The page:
Ah, thank you for that. And I just love me some maple, so it’s an appropriate beverage to be sure. As for your kind words, right back at you. Your photos are just transcendent, their own gorgeous meditations.

  7. Anna Spanos
    August 13, 2015

    What a beautiful piece, congratulations on being able to share it with a wider public!

    • jgroeber
      August 28, 2015

      So good to see you around the blogosphere again, lovely mama. And thank you.

  8. Yashna
    August 15, 2015

    It’s lovely 🙂

  9. Jennifer Berney
    August 26, 2015

    I’m so happy to see your byline touring the web! Enjoy that medium-sized bottle of wine–cheers!

    • jgroeber
      August 28, 2015

      Ha! Yes, just a medium-sized bottle, I fear. But in time, who knows? My writing might buy me a lunch, or a small dinner at a reasonably-priced eatery. Perchance to dream…

  10. dougstuber
    January 2, 2016

    I can relate. At 57 my son is 10, like you I have taken some solace in the life of Sally Mann, and often. Wonder whether continuing to paint and write is an accomplishment or self indulgence. I won’t stop, but had to tell you that I had the luck of hanging out with Sally in Lexington Va and Roanoke at Hollins. She mastered antique methods of printing on glass and had vision real vision of what was interesting and her gift led to a rare celebrity in the world of photography. Any creative field is brutal unless the artist, dancer, actress, writer is appealing as a person AND. creator. I put up just about everything I write or paint, alas, I gave yet to figure out how to translate a tormented life into work people enjoy

    • jgroeber
      January 4, 2016

      Love this comment (and those paintings are gorgeous- enamel on panel? They look like a very modern and lush take on Abstract Expressionism to be sure…)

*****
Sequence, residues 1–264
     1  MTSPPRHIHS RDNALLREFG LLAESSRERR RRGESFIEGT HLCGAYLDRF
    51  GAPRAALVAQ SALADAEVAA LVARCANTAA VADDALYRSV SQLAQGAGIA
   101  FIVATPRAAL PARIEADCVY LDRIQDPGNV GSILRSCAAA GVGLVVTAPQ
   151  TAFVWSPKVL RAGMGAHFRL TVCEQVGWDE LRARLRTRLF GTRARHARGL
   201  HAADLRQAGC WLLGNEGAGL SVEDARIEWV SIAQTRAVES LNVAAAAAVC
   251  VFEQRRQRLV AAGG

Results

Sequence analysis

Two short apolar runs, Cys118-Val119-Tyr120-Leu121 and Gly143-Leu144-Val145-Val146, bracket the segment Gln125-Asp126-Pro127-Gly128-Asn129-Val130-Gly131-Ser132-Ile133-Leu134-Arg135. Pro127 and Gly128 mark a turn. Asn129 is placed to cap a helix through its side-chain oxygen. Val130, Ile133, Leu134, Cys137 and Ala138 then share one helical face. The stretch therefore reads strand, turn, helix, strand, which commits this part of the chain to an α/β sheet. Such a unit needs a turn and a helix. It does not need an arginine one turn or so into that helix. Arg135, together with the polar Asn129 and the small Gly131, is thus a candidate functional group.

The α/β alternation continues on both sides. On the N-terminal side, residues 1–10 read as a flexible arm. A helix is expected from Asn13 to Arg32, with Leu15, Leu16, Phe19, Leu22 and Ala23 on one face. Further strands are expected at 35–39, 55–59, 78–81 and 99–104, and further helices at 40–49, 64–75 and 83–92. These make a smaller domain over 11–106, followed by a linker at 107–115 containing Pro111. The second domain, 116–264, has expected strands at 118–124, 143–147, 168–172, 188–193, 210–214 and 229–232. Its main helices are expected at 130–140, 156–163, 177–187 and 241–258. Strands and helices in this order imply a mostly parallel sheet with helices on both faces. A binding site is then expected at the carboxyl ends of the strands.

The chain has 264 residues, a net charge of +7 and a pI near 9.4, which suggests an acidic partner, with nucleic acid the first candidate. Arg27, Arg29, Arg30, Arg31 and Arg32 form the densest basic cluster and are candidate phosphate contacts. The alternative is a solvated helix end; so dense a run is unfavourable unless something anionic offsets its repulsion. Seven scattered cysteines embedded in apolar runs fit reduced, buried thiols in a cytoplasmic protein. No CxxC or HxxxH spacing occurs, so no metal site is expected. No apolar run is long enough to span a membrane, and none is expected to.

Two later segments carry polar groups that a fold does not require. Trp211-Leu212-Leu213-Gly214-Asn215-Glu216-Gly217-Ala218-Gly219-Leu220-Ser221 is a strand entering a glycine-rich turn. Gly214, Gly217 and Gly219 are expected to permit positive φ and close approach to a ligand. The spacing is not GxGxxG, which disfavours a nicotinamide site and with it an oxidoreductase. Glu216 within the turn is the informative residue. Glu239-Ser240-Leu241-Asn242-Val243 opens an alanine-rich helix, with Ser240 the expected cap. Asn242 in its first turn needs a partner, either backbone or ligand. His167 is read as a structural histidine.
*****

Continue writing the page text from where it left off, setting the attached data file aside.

I was just listening to a recent TedTalks podcast (I think it may have been a replay) on Beauty. And they talked about the “perfect painting” which was a landscape with a tree and a water source and so on. It sounded a tiny bit horrible (although I do secretly love me some Wolf Kahn, but still…) But it did get me thinking about how much people would rather surround themselves with beauty than any of the kooky ways of looking at life that roll around in my head on any given day.
      But I don’t think it’s self-indulgent to figure out a means of expression and to devote a piece of ourselves to it, especially if we can balance it with the time we spend with our kid(s). Teaching them that it’s okay to work things out on paper, or in bits and bytes, or in enamel on panel has got to be giving them a way to cope/celebrate/mourn/process that will be invaluable in their lives. (Or at least that’s what I tell myself.)
      And I can’t believe you met Sally Mann. Amazing.
      Thank you for commenting.

What? I'm totally listening. Tell me. No, really, tell me.

Fill in your details below or click an icon to log in: Logo

You are commenting using your account. Log Out /  Change )

Facebook photo

You are commenting using your Facebook account. Log Out /  Change )

Connecting to %s


This entry was posted on August 8, 2015 by in Surviving Motherhood, Uncategorized and tagged , , , , , .

Enter your email address to follow this blog and receive notifications of new posts by email.

Join 4,316 other subscribers
Follow jen groeber: mama art on
%d bloggers like this: